Saudi officials say there were casualties and hostages may have been taken. After an hour-long gun battle, officials say three attackers are dead and two others are injured and under arrest.
"We have accounted for all Americans on the compound in Jiddah and none of them are being held hostage," said U.S. Embassy spokeswoman Carol Kalin, in Riyadh.
Al-Arabiya satellite television reported four attackers tried to storm the compound in a car and the vehicle then blew up in front of the building.
Officials say the attackers then hit the heavily fortified consulate with explosives and machine guns.
More than an hour after the explosion, gunfire exchanges still could be heard, in an apparent battle between Saudi security forces and at least five attackers who reportedly managed to get inside the compound.
Kalin said the embassy had reports of two people injured among its local staff. Saudi security officials said two security guards at the gate of consulate were wounded, one of them seriously, after the attackers opened fire on them before entering the mission.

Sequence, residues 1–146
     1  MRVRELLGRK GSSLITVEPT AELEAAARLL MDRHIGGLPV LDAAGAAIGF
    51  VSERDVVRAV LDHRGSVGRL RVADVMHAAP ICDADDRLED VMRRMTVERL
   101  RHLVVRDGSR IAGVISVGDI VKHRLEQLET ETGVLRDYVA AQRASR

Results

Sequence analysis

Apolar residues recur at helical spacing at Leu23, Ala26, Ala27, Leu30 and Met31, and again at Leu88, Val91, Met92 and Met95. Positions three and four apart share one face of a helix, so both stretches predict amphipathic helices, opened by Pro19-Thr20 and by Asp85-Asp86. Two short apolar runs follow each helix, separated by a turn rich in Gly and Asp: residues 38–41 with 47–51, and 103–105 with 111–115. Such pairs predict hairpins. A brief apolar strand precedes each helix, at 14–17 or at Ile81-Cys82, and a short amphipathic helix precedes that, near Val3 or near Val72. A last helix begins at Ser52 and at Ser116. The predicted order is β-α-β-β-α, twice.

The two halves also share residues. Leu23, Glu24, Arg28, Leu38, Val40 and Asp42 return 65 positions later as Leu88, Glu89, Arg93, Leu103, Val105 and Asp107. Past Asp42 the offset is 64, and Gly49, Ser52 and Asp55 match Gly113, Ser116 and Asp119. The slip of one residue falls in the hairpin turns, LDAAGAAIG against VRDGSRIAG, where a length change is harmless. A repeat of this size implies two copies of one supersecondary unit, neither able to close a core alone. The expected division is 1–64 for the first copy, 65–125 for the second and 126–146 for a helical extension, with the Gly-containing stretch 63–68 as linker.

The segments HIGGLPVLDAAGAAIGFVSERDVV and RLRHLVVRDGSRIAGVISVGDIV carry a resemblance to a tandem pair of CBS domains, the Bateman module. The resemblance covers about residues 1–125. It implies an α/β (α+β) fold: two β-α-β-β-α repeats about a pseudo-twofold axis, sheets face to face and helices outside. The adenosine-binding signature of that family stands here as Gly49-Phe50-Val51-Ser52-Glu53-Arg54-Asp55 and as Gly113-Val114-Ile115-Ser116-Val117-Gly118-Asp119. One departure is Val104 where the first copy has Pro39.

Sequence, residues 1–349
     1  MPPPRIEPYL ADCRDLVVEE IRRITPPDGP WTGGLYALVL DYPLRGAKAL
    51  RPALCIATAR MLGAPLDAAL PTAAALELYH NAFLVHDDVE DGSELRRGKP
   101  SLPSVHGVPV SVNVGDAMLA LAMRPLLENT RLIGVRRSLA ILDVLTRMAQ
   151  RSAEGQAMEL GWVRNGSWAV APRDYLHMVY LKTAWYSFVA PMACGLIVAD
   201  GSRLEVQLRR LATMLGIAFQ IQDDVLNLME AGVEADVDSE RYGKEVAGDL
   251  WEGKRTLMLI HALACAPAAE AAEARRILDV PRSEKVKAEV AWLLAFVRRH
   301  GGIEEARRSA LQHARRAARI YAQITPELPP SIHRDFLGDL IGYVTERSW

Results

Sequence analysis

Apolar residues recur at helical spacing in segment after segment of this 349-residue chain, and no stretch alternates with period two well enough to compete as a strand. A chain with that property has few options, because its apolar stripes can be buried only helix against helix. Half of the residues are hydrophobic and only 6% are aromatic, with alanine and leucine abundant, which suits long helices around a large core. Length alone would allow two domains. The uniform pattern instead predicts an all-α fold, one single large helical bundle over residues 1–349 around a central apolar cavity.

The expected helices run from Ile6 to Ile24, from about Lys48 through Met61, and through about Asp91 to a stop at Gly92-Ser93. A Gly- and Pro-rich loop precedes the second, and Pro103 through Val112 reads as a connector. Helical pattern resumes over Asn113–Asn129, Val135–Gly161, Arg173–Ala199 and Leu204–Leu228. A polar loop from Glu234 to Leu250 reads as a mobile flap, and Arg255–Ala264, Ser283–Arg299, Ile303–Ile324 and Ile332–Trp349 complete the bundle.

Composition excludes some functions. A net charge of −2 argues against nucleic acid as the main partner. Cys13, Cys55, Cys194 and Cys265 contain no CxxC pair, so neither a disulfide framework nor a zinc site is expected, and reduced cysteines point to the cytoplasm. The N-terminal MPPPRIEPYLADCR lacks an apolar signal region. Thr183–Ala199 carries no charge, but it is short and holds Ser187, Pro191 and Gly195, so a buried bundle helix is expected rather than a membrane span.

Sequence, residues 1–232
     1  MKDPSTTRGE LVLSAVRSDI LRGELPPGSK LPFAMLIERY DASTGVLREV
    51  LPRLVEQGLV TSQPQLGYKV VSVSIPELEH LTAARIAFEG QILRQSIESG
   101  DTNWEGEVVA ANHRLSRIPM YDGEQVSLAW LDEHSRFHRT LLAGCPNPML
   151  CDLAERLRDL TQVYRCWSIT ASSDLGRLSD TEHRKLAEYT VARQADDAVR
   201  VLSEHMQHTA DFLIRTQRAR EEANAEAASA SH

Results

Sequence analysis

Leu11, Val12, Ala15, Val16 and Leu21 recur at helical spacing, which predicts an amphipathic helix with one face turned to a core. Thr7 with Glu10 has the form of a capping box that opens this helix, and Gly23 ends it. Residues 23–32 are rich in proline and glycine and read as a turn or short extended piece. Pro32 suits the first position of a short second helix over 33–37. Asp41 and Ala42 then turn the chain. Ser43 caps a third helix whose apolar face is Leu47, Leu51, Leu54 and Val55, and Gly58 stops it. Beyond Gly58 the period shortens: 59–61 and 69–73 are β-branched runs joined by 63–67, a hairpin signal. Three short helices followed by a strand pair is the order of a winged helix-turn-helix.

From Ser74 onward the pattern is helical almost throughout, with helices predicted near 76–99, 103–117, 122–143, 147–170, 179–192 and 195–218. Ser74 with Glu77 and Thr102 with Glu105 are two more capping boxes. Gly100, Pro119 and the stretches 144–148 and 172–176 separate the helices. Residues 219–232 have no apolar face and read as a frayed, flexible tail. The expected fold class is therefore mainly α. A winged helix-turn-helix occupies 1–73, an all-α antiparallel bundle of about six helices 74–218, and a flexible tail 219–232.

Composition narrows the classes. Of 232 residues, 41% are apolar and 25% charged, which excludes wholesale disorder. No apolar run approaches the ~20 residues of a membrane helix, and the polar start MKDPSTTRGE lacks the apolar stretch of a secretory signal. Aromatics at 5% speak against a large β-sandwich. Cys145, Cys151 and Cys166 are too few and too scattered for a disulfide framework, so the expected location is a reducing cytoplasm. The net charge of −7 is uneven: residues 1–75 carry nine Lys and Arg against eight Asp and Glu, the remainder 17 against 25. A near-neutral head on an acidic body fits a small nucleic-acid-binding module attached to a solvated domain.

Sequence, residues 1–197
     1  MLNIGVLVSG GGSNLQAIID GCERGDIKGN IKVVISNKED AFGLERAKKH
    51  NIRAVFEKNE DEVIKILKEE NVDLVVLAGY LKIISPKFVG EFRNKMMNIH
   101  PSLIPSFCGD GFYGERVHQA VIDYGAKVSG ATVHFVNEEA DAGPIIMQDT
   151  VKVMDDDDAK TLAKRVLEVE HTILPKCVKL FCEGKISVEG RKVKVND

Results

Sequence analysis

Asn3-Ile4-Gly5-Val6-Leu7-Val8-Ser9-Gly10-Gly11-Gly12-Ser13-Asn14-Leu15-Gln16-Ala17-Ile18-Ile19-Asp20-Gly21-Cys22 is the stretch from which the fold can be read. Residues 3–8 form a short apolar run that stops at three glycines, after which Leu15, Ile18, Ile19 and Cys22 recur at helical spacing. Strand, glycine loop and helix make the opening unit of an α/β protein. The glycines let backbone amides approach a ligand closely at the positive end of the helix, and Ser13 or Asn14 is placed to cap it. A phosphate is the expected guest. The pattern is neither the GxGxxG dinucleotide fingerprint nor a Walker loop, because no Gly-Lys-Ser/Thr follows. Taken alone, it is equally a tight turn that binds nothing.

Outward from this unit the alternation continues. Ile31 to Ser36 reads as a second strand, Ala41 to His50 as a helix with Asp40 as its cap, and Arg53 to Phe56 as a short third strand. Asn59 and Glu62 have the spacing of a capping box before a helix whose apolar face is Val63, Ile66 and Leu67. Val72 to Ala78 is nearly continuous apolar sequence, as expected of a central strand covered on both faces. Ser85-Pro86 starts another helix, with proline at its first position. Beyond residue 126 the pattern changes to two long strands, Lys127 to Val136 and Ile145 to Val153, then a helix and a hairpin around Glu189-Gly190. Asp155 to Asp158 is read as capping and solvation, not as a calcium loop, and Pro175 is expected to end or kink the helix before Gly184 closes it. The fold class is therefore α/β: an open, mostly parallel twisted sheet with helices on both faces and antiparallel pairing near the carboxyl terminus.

A Saudi health official, speaking on condition of anonymity, said several people injured in the blast were taken to a hospital in Jiddah. None are Americans, according to the official.
One witness near the scene told The Associated Press that smoke was rising from the area and said police are keeping cars and traffic from the area. Other witnesses told the AP that gunfire was heard just before the blast.
Khaled al-Maeena, the editor of Arab News located in Jiddah, also said thick smoke was visible from the consulate area and helicopters were flying overhead.
"The magnitude of this assault on the consulate has taken all Jiddah residents by surprise," he said.
The consulate is located in the heart of the city, just a half-mile from the city's Red Sea coastal road.
The building - like all U.S. diplomatic buildings and other Western compounds in Saudi Arabia - has been heavily fortified and guarded since last year's series of bombings against targets housing foreigners.
The attack is the latest in a series of attacks against Westerners since 2003. In May, 22 people were killed, including six Westerners, by militants who sprayed gunfire inside an oil contractor's office in Yanbu, 220 miles north of Jiddah.
In November 2003, a suicide car bomb killed 17 people and wounded 122 at a compound for foreign workers in Riyadh. Al Qaeda took responsibility for the shooting death of a British national in the Riyadh in September.